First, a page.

An English collector in Italy: the Wilshere Collection of late Roman gold-glass

Tuesday 5 December, 18.00–19.30

An English collector in Italy: the Wilshere Collection of late Roman gold-glass

Susan Walker (Oxford)

DAVID WHITEHOUSE MEMORIAL LECTURE

Archival research in Rome and Naples has shed light upon the formation of the third largest surviving collection of late Roman gold-glass. Charles Wilshere (1814-1906), a landowner with a passion for early Christianity, built his remarkable collection through a network of Italian scholars and dealers, notably the great Vatican archaeologist Giovanni Battista de Rossi, the Jesuit scholar Raffaele Garrucci, and the painter and dealer Vincenzo Capobianchi. In Italy, Wilshere took advantage of the political and social instability of the risorgimento years, and his collecting activities proved controversial. Nonetheless his motive was entirely didactic; within the UK, the collection has nearly always remained accessible to scholars and the public.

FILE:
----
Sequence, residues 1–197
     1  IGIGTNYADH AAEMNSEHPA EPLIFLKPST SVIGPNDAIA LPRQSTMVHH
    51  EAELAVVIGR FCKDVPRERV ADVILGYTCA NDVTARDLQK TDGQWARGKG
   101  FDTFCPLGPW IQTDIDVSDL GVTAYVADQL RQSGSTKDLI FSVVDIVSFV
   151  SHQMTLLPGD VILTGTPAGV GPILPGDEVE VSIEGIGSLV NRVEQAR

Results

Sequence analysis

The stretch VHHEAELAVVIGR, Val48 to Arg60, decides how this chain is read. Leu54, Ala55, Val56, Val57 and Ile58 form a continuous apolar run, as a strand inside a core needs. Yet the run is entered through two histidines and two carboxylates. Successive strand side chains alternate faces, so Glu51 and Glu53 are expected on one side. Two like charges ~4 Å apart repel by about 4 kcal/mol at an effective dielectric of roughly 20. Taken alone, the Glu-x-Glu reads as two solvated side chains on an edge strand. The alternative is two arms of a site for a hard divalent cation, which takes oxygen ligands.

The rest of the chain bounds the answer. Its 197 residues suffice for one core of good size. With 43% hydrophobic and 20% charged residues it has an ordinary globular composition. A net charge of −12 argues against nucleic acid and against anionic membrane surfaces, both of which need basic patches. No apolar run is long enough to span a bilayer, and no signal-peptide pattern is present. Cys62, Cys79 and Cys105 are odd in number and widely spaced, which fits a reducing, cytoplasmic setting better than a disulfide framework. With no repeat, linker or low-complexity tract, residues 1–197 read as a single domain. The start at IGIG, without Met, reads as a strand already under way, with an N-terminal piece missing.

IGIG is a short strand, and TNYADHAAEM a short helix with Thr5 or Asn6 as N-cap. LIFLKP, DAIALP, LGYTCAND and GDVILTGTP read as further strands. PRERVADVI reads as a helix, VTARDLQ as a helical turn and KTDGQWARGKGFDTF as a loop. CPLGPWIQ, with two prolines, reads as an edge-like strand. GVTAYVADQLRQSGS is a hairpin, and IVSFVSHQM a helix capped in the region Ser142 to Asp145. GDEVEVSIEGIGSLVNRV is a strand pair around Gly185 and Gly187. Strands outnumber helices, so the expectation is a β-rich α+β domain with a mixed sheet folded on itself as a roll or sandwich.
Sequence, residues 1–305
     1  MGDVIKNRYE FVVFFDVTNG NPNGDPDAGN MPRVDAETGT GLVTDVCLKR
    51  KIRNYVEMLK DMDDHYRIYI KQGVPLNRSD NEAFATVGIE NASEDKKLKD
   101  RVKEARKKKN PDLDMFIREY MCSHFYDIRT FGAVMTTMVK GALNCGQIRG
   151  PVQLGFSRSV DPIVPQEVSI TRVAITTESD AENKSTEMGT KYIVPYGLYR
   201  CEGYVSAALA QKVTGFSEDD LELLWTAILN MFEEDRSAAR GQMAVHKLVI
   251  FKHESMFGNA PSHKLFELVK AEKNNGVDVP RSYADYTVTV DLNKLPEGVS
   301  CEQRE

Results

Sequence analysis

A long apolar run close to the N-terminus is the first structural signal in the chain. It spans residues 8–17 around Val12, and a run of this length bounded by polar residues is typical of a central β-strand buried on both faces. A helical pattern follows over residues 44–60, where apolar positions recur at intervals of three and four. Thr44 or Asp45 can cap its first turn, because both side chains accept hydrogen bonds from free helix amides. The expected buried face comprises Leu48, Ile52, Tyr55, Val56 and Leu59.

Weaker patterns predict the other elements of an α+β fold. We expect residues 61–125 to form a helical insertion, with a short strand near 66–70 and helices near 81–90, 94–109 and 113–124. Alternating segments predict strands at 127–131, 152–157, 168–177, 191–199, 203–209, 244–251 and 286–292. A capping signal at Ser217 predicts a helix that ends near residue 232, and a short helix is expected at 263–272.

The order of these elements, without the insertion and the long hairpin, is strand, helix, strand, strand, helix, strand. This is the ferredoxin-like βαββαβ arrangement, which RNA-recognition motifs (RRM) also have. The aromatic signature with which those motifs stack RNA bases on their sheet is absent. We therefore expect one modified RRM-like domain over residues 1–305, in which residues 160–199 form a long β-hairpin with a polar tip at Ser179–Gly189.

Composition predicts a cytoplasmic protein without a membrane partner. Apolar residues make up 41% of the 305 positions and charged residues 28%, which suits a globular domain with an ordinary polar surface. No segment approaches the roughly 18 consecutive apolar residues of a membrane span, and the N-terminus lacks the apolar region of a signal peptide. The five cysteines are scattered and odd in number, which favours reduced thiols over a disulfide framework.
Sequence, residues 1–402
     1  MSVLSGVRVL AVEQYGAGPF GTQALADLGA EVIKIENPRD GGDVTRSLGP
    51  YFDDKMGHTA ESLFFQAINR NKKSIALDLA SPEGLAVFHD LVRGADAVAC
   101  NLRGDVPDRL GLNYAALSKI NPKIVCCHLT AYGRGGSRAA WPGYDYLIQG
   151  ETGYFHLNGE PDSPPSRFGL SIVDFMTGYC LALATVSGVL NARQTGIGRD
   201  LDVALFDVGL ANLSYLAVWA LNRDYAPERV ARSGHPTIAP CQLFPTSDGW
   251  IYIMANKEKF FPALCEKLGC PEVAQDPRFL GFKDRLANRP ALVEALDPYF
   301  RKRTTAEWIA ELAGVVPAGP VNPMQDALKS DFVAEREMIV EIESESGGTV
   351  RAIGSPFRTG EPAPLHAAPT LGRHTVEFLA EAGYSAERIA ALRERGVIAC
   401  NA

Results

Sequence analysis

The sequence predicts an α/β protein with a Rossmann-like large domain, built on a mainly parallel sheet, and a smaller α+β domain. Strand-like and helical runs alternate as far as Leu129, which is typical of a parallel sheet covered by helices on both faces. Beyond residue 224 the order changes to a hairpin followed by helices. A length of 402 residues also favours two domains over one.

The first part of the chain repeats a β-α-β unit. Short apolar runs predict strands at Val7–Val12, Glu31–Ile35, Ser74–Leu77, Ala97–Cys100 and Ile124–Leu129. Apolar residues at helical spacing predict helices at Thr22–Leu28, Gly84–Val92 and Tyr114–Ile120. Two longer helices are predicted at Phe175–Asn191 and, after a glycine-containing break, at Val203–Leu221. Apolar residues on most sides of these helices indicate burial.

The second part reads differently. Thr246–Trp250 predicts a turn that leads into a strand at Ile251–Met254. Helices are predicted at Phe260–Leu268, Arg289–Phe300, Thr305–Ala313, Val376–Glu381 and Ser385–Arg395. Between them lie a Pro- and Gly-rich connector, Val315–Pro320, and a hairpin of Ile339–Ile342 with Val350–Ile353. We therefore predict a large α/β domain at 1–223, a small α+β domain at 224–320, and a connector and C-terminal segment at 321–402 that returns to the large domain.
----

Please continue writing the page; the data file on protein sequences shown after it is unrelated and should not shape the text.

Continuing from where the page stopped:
Recent research on the chemistry of the Wilshere gold-glass has built a chronological sequence offering insights into the social history of gold-glass in late antiquity.

Susan Walker is the principal author of Saints and Salvation: the Wilshere Collection of gold-glass, sarcophagi and inscriptions from Rome and Southern Italy, recently published by the Ashmolean Museum, University of Oxford, where the Wilshere Collection is now displayed. From 2004-2014 she was Keeper of Antiquities at the Ashmolean, where she is now Honorary Curator; she is also an Emerita Fellow of Wolfson College, University of Oxford, and Chair of Publications for the British School at Rome. She undertook much of the research forming the core of the Whitehouse Lecture as Hugh Last Fellow at the British School at Rome in 2013.

2017-12-05_SusanWalke_Image AN2007.13

Gold-glass base of a dish with a portrait of a couple surrounded by biblical scenes of salvation, about AD 330-360, Ashmolean Museum, Wilshere Collection, formerly Recupero Collection.